# Interlude: Atomic decomposition of L(log L)^r

This is going to be a shorter post about a technical fact that will be used in concluding the proof of the Tao-Wright lemma.
What we are going to see today is an atomic decomposition of the Orlicz spaces of $L (\log L)^r$ type. Surprisingly, I could find no classical references that explicitely state this useful little fact – some attribute it to Titchmarsh, Zygmund and Yano; indeed, something resembling the decomposition can be found for example in Zygmund’s book (Volume II, page 120). However, I could only find a proper statement together with a proof in a paper of Tao titled “A Converse Extrapolation Theorem for Translation-Invariant Operators“, where he claims it is a well-known fact and proves it in an appendix (the paper is about reversing the implication in an old extrapolation theorem of Yano [1951], a theorem that tells you that if the operator norms $\|T\|_{L^p \to L^p}$ blow up only to finite order as $p \to 1^{+}$, then you can “extrapolate” this into an endpoint inequality of the type $\|Tf\|_{L^1} \lesssim \|f\|_{L(\log L)^r}$).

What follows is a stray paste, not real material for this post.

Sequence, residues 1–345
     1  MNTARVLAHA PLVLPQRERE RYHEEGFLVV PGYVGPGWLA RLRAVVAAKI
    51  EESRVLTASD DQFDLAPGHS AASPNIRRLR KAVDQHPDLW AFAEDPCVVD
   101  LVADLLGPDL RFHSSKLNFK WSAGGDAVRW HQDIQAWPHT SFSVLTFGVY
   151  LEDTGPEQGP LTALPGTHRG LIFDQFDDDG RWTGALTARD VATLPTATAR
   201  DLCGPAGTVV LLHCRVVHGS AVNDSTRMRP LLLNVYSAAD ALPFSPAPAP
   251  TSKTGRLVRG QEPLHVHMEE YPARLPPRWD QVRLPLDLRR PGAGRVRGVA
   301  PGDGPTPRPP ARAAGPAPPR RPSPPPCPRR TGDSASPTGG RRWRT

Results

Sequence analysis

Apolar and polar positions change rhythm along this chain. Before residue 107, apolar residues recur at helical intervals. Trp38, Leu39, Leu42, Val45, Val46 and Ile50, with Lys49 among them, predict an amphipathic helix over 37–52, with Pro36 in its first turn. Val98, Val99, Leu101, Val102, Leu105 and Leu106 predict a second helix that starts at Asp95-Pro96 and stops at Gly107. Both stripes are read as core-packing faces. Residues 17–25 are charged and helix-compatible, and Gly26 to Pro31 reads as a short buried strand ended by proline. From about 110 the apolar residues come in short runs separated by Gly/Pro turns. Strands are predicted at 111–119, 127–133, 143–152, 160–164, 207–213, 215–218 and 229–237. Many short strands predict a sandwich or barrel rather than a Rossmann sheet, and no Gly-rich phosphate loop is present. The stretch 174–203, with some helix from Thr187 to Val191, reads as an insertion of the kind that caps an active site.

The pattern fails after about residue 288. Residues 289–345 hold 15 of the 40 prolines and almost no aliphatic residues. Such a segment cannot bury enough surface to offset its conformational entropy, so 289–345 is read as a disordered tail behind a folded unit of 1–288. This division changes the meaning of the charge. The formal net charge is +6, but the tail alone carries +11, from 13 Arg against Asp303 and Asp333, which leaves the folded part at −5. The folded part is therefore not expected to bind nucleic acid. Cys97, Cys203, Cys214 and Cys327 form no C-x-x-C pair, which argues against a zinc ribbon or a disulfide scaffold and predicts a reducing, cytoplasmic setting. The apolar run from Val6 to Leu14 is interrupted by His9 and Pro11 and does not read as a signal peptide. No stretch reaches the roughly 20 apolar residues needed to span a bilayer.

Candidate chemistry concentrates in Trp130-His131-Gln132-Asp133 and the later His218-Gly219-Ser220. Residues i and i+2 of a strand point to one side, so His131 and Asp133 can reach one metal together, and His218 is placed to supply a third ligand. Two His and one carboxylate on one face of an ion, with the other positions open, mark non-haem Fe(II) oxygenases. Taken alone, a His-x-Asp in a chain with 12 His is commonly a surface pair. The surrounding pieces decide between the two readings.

Briefly stated, the result is as follows. We will consider only $L(\log L)^r ([0,1])$, that is the Orlicz space of functions on $[0,1]$ with Orlicz/Luxemburg norm

$\displaystyle \|f\|_{L(\log L)^r ([0,1])} = \inf \Big\{\mu > 0 \text{ s.t. } \int_{0}^{1} \frac{|f(x)|}{\mu} \Big(\log \Big(2 + \frac{|f(x)|}{\mu}\Big)\Big)^{r} \,dx \leq 1 \Big\}.$

Our atoms will be quite simply normalised characteristic functions: that is, for any measurable set $E \subset [0,1]$ we let $a_E$ denote the atom associated to $E$, given by

$\displaystyle a_E := \frac{\mathbf{1}_E}{\|\mathbf{1}_E\|_{L(\log L)^r}};$

obviously $\|a_E\|_{L(\log L)^r} = 1$.
The statement is then the following.

Atomic decomposition of $L(\log L)^r$:
Let $f \in L(\log L)^{r}([0,1])$. Then there exist measurable sets $(E_j)_j$ and coefficients $(\alpha_j)_j$ such that

$\displaystyle f = \sum_{j} \alpha_j a_{E_j}$

and

$\displaystyle \sum_{j} |\alpha_j| \lesssim \|f\|_{L(\log L)^r}.$